"We see the traces of many, many, many other viruses, so we know they are there. We don't know for sure that they are still alive. But our reasoning is that if the amoeba viruses are still alive, there is no reason why the other viruses will not be still alive, and capable of infecting their own hosts."

Even though the viruses that Claverie and his team have examined can only infect amoebas, it doesn't mean that they haven't found other viruses that infect humans and animals too. Scientists have actually discovered remnants of viruses that can infect humans in permafrost.

To give an example, back in 1997, researchers dug up the body of a woman buried in permafrost in Alaska. When they analyzed a sample from her lungs, they found traces of DNA from the flu strain responsible for the deadly 1918 Spanish flu pandemic.

Some Evidence of Zombie Viruses Being Problematic For Humans Already Exists

During the months of July and August in 2016, a severe anthrax outbreak occurred in Siberia, impacting numerous individuals and over 2,000 reindeer. Scientists have connected this outbreak to the increased thawing of the permafrost, which was caused by unusually hot summers.

As a result of the thaw, old spores of the Bacillus anthracis bacteria reemerged from ancient burial sites or animal remains, leading to the outbreak.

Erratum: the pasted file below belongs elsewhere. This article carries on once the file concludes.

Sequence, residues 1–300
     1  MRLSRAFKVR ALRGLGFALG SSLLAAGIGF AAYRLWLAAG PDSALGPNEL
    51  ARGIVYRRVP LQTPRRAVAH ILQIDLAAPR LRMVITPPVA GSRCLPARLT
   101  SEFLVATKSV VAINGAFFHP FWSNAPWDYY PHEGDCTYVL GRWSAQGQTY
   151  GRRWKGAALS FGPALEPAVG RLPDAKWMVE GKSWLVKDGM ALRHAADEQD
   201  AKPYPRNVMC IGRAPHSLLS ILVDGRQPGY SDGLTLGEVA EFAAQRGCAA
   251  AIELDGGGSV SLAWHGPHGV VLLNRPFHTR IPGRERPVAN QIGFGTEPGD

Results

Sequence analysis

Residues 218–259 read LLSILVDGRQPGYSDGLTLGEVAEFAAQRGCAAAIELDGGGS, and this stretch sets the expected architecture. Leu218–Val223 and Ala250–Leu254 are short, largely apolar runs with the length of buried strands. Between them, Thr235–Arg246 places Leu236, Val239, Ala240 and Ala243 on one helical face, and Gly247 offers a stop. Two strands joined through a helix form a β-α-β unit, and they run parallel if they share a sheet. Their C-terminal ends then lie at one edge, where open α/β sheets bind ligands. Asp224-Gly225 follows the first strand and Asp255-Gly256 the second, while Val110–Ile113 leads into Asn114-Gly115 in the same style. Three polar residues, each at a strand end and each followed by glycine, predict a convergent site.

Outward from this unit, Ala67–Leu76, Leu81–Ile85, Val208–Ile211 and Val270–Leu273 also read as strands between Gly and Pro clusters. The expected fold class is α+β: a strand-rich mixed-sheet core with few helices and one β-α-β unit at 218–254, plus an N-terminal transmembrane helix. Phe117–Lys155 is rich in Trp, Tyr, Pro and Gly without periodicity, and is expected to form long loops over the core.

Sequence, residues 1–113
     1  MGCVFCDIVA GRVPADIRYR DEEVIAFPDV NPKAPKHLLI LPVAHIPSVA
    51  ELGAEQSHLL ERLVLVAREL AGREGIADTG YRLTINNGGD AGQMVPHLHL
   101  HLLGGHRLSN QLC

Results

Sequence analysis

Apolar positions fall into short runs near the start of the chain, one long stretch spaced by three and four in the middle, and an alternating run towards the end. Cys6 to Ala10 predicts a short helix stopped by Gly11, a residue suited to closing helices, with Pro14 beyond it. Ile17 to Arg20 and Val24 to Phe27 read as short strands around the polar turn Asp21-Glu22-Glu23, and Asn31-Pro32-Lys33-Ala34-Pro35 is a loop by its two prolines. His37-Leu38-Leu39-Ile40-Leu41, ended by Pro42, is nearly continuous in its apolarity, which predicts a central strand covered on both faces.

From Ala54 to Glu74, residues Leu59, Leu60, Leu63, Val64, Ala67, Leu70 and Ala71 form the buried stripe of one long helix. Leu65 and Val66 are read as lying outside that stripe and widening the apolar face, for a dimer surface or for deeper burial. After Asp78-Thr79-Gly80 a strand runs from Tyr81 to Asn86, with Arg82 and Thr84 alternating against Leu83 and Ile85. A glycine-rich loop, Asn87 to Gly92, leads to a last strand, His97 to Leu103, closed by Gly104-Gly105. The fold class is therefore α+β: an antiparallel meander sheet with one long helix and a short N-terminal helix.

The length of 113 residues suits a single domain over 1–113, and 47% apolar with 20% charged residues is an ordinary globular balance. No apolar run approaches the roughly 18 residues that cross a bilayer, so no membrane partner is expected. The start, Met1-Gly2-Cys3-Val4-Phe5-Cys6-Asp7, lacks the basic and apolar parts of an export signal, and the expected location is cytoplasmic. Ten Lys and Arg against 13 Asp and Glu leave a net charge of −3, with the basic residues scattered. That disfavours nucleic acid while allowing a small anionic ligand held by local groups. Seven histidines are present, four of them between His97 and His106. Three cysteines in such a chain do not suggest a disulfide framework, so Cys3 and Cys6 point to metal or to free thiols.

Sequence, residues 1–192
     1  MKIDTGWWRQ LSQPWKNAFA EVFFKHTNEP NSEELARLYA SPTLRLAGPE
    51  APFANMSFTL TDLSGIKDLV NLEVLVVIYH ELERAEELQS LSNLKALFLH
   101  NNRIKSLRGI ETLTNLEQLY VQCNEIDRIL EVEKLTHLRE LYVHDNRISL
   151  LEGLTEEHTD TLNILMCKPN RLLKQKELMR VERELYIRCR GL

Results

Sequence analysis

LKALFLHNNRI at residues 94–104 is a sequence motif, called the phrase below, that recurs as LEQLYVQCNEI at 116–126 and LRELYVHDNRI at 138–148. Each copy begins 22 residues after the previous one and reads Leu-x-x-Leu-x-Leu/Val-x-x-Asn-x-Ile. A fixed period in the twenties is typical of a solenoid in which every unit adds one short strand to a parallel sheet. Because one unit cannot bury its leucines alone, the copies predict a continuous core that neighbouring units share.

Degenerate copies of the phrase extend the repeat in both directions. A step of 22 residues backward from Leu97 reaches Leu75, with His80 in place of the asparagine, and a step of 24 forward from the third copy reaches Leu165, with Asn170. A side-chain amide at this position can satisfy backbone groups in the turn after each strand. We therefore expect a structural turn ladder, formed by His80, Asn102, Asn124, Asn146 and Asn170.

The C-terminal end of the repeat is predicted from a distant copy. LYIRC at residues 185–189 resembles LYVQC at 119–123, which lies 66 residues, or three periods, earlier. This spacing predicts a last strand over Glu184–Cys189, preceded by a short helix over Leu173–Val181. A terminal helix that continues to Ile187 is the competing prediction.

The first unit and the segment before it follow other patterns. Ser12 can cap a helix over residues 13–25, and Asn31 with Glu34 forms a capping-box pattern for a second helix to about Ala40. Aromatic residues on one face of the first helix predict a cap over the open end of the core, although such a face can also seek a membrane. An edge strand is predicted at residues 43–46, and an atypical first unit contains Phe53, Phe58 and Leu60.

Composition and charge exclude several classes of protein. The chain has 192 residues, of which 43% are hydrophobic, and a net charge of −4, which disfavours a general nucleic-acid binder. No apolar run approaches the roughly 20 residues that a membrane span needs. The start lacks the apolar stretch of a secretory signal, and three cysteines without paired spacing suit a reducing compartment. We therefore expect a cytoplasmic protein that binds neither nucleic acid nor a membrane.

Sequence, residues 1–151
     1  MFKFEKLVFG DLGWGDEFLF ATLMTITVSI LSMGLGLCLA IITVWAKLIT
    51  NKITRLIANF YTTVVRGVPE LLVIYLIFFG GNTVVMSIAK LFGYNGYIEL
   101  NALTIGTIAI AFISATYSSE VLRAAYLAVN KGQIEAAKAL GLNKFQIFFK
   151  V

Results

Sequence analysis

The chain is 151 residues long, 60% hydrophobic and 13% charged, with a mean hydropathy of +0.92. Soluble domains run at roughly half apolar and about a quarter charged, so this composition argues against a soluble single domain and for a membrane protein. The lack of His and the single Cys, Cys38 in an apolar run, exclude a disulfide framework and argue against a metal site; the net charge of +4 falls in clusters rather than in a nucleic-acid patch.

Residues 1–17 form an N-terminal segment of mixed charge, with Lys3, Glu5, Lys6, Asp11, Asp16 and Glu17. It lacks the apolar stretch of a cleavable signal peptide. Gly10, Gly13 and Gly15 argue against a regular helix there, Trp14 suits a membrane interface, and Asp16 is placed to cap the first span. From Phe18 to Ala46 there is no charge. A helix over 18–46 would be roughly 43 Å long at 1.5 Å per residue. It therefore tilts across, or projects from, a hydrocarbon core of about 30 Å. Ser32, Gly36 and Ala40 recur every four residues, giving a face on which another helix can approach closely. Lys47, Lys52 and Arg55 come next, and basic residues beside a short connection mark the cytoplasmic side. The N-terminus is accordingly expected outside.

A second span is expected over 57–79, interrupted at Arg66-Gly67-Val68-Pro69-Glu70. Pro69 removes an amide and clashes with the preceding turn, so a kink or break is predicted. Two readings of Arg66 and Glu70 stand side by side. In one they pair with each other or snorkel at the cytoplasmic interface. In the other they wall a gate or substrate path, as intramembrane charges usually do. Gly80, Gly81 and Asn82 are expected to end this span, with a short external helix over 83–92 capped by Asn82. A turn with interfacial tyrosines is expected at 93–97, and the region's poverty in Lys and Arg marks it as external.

"You must remember our immune defense has been developed in close contact with microbiological surroundings,", professor emerita Birgitta EvengÄrd at Umea University's Department of Clinical Microbiology in Sweden told CNN.

"If there is a virus hidden in the permafrost that we have not been in contact with for thousands of years, it might be that our immune defense is not sufficient. It is correct to have respect for the situation and be proactive and not just reactive. And the way to fight fear is to have knowledge."

How Likely Is It That A Zombie Virus Could Infect Humans?

While researchers suggest studying these viruses to take proactive measures, they want to avoid causing immediate panic because many aspects remain unclear. One major question is how long and how effectively a thawed virus can survive, considering that present-day conditions differ significantly from those tens of thousands of years ago.

Moreover, viruses require a host to survive. The viruses preserved in permafrost exist in areas with minimal human presence, making it uncertain how they would find a host once thawed. It's important to note that not all viruses are harmful; some are harmless or even beneficial to living organisms.

However, there are valid reasons for concern. As the Earth warms, it's not just viruses that may reemerge. The growing accessibility of Arctic regions due to new industrial opportunities is likely to attract more people.

This raises the risk of humans encountering dormant viruses, including zombie viruses, and potentially leading to problems if proper precautions are not taken.

"We're really unclear as to how these microbes are going to interact with the modern environment," said climate scientist Kimberley Miner at the NASA Jet Propulsion Laboratory at the California Institute of Technology in Pasadena, California.

"It's not really an experiment that I think any of us want to run."

According to experts, the most effective approach is to strive for preserving the permafrost in its frozen state. This entails ongoing efforts to combat climate change. By keeping the Arctic region colder, we enhance our chances of maintaining the integrity of the permafrost.